A Jacksonville man who successfully appealed a 2002 manslaughter conviction for killing a neighbor in a drunken driving crash, then pleaded guilty to lesser charges during a retrial, will serve no more time for his crimes, a judge ruled Tuesday.

A Jacksonville man who successfully appealed a 2002 manslaughter conviction for killing a neighbor in a drunken driving crash, then pleaded guilty to lesser charges during a retrial, will serve no more time for his crimes, a judge ruled Tuesday.

"I am so sorry for creating this monster, for wrecking so many lives," Edwin Shane Coen, 38, told a courtroom packed with family members from both sides.

"I'm truly sorry. I'm truly sorry," he said.

Jackson County Circuit Judge Benjamin Bloom sentenced Coen to 20 months for criminally negligent homicide in the death of Burke McNulty Thompson, 58, of Ruch, but gave credit for time served during the earlier conviction.

"We all know this could have been prevented," Bloom said. "Hopefully justice delayed is not justice denied for anyone."

Coen's and Thompson's families, who both lived in the Applegate, had been friendly. But the relationship was shattered on Feb. 13, 2002, when Coen's full-sized pickup truck collided head-on with Thompson's 1967 Ford Mustang on Highway 238 near Forest Creek Road. Paramedics pronounced Thompson dead after they pulled him from his car, police said. Coen was treated for minor injuries.

Coen won a new manslaughter trial after his conviction in 2002 was thrown out four years later by an appeals court, which ruled that Oregon State Police Trooper Jeff Allison illegally compelled Coen to talk about the crime and to consent to blood and urine tests.

Coen had served about 30 months of his six-year sentence before he was released from prison and his case remanded for retrial.

Coen's second trial began in December. But on the second day of the jury trial, Coen accepted a plea agreement to lesser charges, admitting guilt to criminally negligent homicide and drunken driving.

On Tuesday Bloom sentenced Coen to 20 months in prison, three years' post-prison supervision and a lifetime revocation of his driver's license for the homicide plea. The judge also sentenced Coen to 90 days in jail and 18 months' post-prison supervision for the drunken driving charge, and ordered him to pay $2,000 in fines and fees.

Before Bloom gave Coen credit for time served, Jackson County Deputy District Attorney Karen Loomis had asked that Coen serve additional jail time.

Coen's first charge of driving while under the influence of intoxicants came in 1994, when he then entered a diversion program. His second DUII came in 1997. In 2000, Coen racked up a felony charge of eluding police that was reduced to a misdemeanor. Finally, in 2002, Coen caused the death of Thompson by driving drunk, Loomis said.

Loomis accepted the plea deal during the retrial rather than risk an acquittal on all charges because the state's case against Coen had lost important evidence over the past decade, including key testimony from an expert in accident scene reconstruction, she said. Loomis told the Thompson family that accepting Coen's plea bargain likely meant he would serve no more jail time. She also said she understands they are disappointed with the result.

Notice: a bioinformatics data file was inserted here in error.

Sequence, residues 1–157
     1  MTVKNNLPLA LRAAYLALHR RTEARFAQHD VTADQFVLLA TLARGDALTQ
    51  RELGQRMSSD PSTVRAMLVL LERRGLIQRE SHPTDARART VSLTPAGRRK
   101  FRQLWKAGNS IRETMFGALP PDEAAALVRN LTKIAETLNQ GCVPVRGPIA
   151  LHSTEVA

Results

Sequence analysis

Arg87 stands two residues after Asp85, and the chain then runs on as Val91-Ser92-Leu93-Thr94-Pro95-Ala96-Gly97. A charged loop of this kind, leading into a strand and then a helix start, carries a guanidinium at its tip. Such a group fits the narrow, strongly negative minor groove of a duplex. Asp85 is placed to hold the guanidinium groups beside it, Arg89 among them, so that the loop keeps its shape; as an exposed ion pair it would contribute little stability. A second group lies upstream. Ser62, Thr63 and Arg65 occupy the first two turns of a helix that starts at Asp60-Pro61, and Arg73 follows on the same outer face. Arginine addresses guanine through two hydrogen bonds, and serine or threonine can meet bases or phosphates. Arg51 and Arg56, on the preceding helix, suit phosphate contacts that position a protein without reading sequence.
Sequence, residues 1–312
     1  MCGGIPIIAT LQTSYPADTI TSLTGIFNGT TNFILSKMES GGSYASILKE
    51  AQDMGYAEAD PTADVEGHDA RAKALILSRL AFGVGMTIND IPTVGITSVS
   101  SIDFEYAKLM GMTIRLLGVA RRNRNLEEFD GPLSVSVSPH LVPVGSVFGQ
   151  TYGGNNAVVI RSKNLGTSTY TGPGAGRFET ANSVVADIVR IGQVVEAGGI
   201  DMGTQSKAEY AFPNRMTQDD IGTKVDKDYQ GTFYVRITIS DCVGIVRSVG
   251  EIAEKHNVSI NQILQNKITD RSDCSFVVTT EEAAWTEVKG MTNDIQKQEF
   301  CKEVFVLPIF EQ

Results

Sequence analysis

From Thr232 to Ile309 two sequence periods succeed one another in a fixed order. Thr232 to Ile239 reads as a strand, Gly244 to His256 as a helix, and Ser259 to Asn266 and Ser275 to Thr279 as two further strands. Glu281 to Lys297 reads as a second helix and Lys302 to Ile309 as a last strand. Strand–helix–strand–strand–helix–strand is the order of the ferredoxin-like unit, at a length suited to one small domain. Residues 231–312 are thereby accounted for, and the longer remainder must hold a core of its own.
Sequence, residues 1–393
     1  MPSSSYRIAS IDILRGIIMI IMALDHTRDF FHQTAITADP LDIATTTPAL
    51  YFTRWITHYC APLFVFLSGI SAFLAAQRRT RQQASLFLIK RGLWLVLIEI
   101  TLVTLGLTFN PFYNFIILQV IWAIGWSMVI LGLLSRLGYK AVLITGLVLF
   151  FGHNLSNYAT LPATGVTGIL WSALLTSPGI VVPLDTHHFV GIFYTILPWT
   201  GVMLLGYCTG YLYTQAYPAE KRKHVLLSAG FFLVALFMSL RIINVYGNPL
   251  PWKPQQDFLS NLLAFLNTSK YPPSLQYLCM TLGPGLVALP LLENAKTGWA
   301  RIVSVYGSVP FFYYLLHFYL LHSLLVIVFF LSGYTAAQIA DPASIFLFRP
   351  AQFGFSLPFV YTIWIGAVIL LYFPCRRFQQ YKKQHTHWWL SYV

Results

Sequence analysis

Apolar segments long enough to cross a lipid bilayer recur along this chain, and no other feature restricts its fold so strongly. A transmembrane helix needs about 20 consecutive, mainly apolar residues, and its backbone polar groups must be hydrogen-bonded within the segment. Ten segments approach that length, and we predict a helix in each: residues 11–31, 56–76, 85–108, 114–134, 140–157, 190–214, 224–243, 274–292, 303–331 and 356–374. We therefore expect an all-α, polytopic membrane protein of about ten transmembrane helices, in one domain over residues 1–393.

Thompson's daughter, Rhonda Jones, has been vocal in the media about her anger towards Coen, some of his family members, and the prosecutor's handling of the case. On Tuesday, Jones read impassioned letters from herself, her uncle and her brother.

Calling Coen a "killer of man and hopes and dreams," Jones begged Bloom to "please, please send (Coen) back to prison to finish his sentence."

Jones said the tragedy devastated her entire family, including her mother, who now works two jobs to maintain the family property in Ruch. Her own children lost their beloved grandfather.

Coen is grateful he has been released from the threat of further imprisonment. But the pain he caused by choosing to drive after drinking alcohol has been with him every day, said his attorney, Michael Robert Levine.

"It has weighed on him for 10 years. It will be with him until the day he dies," Levine said, adding Coen may face judgment for his actions in the afterlife.

"All this weighs on his head," he said.

A self-admitted alcoholic, Coen told jurors in his 2003 trial that he drank 15 Coors Lite beers on Feb. 13, 2002. He said he continued to drink as he drove home from Applegate Lake along Highway 238, where his pickup collided with Thompson's vehicle.

After Tuesday's sentencing, Coen's mother, Ruth Simpson, said her son has been sober for 10 years. He has submitted to weekly blood alcohol testing and urinalysis when requested.

Simpson said the case was "a very political case." Her son "was found guilty by the media and MADD (Mothers Against Drunk Driving) before he ever had a chance to have a trial, or even before any accident reconstruction reports had been done. There were no witnesses to the accident, which made this a very scientific case," Simpson said in a letter to the Mail Tribune.

Ultimately, the prosecution's accident reconstructionist could not place Coen in the wrong lane of travel as was alleged in the first trial, she wrote.

Penny Thompson said the loss of her husband and the ongoing court proceedings have left her feeling "very empty."

Thompson said her husband always told her children that driving is a privilege and not a right. Coen lost that right by driving drunk, she said. But Thompson also expressed compassion for Coen's family's suffering. It is her wish that this be the final chapter in a tragedy that has devastated both families, she said.

"Everyone go on with their lives," Thompson said.

Reach reporter Sanne Specht at 541-776-4497 or email sspecht@mailtribune.com.